Sanders et al6 offer a framework for types of interventions, including training providers, reducing complexity of written information, using nonwritten materials, and modeling behaviors. They also address the need for involving schools and community-level educational formats. Rothman et al7 also consider different areas for intervention (system, community, provider, and family) and return to the paramount concern of patient safety.
Because of the role that health literacy may play as a mediator of health disparities, some authors feel that interventions and practice changes should be designed to target risk groups rather than aimed broadly to improve the health literacy of all. This poses a particular challenge in pediatrics, because all children, not just those at higher risk, follow a trajectory that begins with no health literacy and progresses to adult (ideally proficient) health literacy. The best way to improve health literacy in children may be to focus on education in literacy, health, and self-efficacy.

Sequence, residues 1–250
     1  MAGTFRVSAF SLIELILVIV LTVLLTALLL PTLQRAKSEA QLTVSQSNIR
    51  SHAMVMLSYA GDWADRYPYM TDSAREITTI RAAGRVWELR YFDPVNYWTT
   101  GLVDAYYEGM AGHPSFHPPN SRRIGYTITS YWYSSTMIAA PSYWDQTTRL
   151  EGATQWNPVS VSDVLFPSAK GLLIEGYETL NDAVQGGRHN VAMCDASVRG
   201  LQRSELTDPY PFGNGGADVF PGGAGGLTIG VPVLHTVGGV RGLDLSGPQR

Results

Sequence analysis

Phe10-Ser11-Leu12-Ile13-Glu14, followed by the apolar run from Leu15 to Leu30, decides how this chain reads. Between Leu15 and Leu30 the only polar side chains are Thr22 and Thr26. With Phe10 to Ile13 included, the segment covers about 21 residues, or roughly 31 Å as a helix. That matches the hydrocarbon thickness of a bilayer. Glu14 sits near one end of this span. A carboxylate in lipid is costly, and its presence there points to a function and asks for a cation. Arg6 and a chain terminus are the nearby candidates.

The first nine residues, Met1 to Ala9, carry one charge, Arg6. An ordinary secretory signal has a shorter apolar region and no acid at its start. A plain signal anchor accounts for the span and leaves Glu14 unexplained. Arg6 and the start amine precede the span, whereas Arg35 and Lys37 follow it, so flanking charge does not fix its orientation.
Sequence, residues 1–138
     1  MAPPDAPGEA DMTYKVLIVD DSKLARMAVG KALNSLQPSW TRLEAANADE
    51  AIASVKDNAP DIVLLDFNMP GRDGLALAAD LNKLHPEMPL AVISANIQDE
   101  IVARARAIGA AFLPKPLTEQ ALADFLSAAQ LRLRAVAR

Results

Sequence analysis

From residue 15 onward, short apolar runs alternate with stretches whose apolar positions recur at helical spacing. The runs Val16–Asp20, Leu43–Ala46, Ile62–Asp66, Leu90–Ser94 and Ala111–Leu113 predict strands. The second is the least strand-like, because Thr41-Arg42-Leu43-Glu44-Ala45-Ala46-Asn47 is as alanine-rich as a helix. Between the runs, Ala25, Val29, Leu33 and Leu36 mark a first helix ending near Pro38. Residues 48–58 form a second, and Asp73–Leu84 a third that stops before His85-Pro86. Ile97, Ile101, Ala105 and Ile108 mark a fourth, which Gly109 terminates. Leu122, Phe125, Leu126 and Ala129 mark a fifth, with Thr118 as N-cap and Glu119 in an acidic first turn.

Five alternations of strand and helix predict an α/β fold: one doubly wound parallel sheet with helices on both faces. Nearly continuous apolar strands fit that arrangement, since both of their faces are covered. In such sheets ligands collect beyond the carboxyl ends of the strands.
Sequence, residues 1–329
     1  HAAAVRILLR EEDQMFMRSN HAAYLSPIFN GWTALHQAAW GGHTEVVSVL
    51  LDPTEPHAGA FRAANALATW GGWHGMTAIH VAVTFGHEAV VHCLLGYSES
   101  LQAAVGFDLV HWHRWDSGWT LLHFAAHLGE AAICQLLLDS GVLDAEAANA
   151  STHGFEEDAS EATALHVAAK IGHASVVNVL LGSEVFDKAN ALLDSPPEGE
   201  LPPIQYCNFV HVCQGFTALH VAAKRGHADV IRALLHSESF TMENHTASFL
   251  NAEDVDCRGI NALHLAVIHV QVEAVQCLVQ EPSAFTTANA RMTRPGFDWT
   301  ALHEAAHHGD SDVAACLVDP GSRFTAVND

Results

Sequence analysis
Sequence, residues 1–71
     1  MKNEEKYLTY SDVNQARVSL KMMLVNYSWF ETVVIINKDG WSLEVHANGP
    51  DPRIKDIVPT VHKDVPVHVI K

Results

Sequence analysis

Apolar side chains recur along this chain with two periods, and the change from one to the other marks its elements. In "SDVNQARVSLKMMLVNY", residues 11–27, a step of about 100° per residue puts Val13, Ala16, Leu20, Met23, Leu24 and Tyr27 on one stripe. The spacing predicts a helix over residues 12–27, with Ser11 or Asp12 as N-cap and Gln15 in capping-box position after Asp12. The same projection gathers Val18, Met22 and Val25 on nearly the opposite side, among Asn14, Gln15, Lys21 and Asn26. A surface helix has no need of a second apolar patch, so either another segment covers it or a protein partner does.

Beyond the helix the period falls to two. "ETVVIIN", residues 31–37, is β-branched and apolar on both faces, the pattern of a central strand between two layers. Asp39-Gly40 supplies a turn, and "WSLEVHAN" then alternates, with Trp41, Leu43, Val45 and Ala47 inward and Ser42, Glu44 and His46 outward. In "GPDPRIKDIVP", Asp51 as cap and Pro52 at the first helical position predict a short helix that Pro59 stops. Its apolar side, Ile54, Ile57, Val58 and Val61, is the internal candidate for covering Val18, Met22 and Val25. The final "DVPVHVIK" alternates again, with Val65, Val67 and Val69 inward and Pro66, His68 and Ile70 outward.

Health literacy related interventions that successfully target high-risk groups have the potential to reduce health disparities and improve access. Those that take into account developmental and learning trajectories of children have the potential to improve delivery of pediatric care and foster self-efficacy and age-appropriate understanding of health and illness. Interventions that incorporate perspectives and needs of patients and families at risk have the potential to help pediatricians learn to communicate and listen more effectively, change pediatric practice so that more voices are included, and benefit the entire community of patients and providers.
How are children different with respect to health literacy? Some answers appear in the repeated themes of the conference articles that follow this introduction: definition and measurement, developmental change, health literacy as a dyadic function, unique health disparities and health outcomes, and levels of or targets for intervention.